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AI-powered finance: Transforming travel and expense management

Last updated on March 25th, 2024 at 01:37 pm

Brian Veloso, Managing Director at SAP Concur

The increased availability of artificial intelligence (AI) tools for the general population has catapulted the technology into the mainstream, sparking widespread speculation and enthusiasm regarding its potential impact.  

In the business world, the tightening of budgets and unprecedented challenges mean that leaders have had to streamline processes and optimize inefficiencies. In this environment, finance leaders are welcoming the potential of AI in solving problems. In fact, nearly one in five of Canadian professionals (22 per cent) surveyed by KPMG are currently using generative AI in the workplace. 

As in-person meetings and business travel resume, the question of streamlining travel and expenses becomes increasingly pertinent for finance teams. Here, AI emerges as a promising solution, offering innovative ways to manage these costs more effectively and accurately. By automating expense tracking, analyzing spending patterns, and optimizing budget allocation, AI can significantly reduce the administrative burden and enhance decision-making in this critical aspect of business operations.  

Using AI helps meet compliance requirements   

Submitting travel and other expenses can often be a time-consuming and complex process. Yet, it is a necessary byproduct of the strict compliance needs of finance teams that ensures the accuracy of expense reports that control end costs.  

Business travel and its related expenses generate a tremendous amount of data. Traditionally, more data means more time and effort by finance leaders to identify trends and ensure accuracy. For example, some data points can get lost when a single pair of eyes pores over them, and this can have damaging repercussions for the business. Another example, an honest human error can be perceived as fraud come audit season, which has costly implications. SAP Concur’s fraud research found that almost half (44 per cent) of global finance teams know of someone who has been a victim of accounts payable fraud in the last three years.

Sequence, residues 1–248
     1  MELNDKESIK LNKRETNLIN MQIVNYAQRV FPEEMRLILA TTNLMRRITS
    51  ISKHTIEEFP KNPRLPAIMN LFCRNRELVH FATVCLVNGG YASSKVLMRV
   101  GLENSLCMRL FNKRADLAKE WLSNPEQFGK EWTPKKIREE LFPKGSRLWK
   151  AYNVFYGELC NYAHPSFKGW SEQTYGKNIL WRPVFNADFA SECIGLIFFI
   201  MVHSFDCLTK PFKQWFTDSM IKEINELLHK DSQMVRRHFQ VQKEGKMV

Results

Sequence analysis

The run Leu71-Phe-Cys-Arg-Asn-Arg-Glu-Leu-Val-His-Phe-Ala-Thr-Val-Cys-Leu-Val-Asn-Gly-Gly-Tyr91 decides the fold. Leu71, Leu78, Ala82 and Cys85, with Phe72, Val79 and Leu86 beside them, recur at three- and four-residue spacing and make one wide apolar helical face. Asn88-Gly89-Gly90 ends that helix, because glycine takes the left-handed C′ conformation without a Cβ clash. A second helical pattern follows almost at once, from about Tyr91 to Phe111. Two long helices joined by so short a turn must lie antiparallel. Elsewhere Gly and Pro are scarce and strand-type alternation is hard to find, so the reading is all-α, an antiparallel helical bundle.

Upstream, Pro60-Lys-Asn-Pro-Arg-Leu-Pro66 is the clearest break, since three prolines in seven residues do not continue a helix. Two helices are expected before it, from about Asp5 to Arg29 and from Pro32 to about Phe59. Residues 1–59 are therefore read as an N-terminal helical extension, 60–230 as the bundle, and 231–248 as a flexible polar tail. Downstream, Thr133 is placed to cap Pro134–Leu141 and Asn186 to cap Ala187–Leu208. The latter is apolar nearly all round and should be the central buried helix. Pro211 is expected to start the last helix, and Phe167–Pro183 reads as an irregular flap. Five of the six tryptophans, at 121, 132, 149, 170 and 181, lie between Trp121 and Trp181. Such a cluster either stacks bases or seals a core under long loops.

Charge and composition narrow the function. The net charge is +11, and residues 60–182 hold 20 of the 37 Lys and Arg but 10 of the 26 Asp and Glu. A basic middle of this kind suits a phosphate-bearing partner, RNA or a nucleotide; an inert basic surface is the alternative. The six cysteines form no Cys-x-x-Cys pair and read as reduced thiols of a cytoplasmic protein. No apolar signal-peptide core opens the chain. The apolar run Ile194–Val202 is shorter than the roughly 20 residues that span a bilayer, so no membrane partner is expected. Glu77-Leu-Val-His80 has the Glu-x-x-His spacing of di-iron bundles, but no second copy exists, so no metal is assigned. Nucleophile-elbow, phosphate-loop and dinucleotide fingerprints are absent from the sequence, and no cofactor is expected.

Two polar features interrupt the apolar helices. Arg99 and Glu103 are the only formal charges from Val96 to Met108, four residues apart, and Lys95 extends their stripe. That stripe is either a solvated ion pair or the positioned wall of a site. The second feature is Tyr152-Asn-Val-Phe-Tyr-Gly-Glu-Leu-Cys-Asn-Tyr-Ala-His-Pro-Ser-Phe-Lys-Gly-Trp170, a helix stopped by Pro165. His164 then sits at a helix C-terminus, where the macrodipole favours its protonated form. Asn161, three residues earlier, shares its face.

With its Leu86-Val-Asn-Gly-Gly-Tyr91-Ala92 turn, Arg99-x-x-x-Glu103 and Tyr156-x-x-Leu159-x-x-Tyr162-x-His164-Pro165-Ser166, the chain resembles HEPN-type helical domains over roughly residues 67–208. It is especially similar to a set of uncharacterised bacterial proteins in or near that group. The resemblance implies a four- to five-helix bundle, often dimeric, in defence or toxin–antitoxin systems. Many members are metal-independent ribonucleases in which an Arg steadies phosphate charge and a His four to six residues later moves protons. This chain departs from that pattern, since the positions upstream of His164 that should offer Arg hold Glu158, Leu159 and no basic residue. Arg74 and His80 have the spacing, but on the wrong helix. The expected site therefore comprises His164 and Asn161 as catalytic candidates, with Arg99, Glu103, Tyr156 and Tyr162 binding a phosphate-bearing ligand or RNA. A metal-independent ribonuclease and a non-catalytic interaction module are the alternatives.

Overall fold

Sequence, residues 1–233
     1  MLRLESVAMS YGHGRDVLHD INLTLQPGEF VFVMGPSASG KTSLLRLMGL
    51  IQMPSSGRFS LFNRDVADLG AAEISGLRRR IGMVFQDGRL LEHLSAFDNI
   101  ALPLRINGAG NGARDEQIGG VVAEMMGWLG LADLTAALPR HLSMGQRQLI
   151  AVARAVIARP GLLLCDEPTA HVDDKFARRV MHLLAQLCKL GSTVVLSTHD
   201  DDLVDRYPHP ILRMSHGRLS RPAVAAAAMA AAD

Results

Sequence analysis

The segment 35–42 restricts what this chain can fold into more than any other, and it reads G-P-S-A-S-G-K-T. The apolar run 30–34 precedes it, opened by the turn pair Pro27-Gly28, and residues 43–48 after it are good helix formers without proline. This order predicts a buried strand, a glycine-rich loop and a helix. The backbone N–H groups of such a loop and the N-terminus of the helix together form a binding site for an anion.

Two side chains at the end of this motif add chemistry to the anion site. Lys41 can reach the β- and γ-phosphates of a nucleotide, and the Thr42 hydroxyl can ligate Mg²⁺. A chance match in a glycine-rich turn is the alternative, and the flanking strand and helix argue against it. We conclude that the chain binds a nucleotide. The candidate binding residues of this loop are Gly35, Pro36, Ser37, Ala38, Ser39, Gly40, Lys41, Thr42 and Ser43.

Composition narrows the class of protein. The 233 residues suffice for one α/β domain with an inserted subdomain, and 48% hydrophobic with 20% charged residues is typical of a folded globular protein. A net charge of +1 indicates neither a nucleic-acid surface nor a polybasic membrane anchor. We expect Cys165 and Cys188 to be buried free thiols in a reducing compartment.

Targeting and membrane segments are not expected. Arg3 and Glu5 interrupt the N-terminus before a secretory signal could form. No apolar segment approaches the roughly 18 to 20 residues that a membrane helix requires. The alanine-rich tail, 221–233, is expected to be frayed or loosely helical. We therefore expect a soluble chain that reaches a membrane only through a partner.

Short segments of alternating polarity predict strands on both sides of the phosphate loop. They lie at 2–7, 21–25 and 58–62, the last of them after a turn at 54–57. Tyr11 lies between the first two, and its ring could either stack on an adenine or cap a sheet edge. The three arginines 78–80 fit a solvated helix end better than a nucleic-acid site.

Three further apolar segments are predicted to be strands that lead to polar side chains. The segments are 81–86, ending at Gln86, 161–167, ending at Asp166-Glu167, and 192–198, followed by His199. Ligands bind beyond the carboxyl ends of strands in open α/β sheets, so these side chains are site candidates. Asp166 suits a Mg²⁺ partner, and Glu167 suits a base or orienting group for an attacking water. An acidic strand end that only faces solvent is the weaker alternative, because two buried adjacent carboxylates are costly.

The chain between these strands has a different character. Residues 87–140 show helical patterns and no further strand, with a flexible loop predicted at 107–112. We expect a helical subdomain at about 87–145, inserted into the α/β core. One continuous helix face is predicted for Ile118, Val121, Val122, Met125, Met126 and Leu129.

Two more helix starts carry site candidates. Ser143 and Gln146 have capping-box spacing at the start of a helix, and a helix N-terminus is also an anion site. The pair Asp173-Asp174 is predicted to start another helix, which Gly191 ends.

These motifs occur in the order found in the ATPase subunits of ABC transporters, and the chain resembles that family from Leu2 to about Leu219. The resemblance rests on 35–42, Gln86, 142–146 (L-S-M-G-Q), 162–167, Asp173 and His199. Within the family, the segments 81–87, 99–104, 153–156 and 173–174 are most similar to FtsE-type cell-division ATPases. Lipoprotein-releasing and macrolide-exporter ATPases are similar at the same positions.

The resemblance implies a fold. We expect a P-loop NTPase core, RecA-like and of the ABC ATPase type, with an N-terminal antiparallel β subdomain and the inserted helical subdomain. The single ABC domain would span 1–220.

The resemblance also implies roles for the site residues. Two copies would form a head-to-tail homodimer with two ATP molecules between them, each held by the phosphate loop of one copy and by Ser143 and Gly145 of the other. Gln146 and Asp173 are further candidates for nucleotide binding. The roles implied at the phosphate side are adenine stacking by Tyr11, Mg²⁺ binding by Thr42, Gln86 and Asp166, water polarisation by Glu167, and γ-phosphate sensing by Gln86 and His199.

The research highlights that many public sector organizations are struggling to tackle fraud due to a combination of technology and processes. Only two thirds of decision makers (66 per cent) surveyed have seen their organization act against an employee that has submitted a fraudulent claim, whilst less than one in two public sector organizations (45 per cent) provide fraud awareness and prevention training for employees.  

Better technology has a key role to play in helping tackle those issues. By having the right tools in place to streamline data gathering and analysis, finance teams spend more time ensuring the data is compliant with corporate and regulatory policies, identify anomalies and potential fraud, and tackle them early to avoid penalties during audit season. 

Leveraging AI to navigate the new world of work 

Technology has made remote work a reality for millions of people by enabling virtual collaboration and communication, making it possible for employees to access information and perform tasks regardless of where they are. Interestingly, 85 per cent of Canadian workers and managers are interested in hybrid or fully remote positions. Additionally, a quarter of them are willing to take a pay cut for the ability to work remotely all the time. 

While employees are demanding the ability to work from anywhere (WAF), HR and finance teams are concerned current processes often do not cover remote workers, particularly those who prefer to travel and work from different locations. In fact, finance executives started to contemplate the need to modify financial processes, including tax and compliance adjustments, to facilitate work from anywhere.  

This is where AI becomes crucial in ensuring accurate expense filing and compliance adherence among employees in a WFA setup. In addition to this, AI assists finance professionals by eliminating mundane and arduous tasks, freeing them up to focus more on value-added work that advances their area of expertise. 

Looking ahead   

The integration of AI into travel and expense management will be a game changer for businesses looking to enhance their data processing, policy compliance and streamlined workflows. 

However, it’s important that businesses adopt AI responsibly and stay mindful of potential concerns around its use, such as ethics, security, copyright, and bias. Finance leaders can’t sacrifice values for the sake of progress, so staying committed to data privacy and only implementing reliable and secure solutions is paramount. 

Innovation has already had such a core role in many processes involved in the finance sector, and it’s exciting to see the AI-driven breakthroughs that today we can only begin to imagine. The possibilities this technology present are truly endless, and AI is essential to achieving the world where travel and expenses practically manage themselves, giving finance leaders space to focus on more value-driving and transformational elements of their

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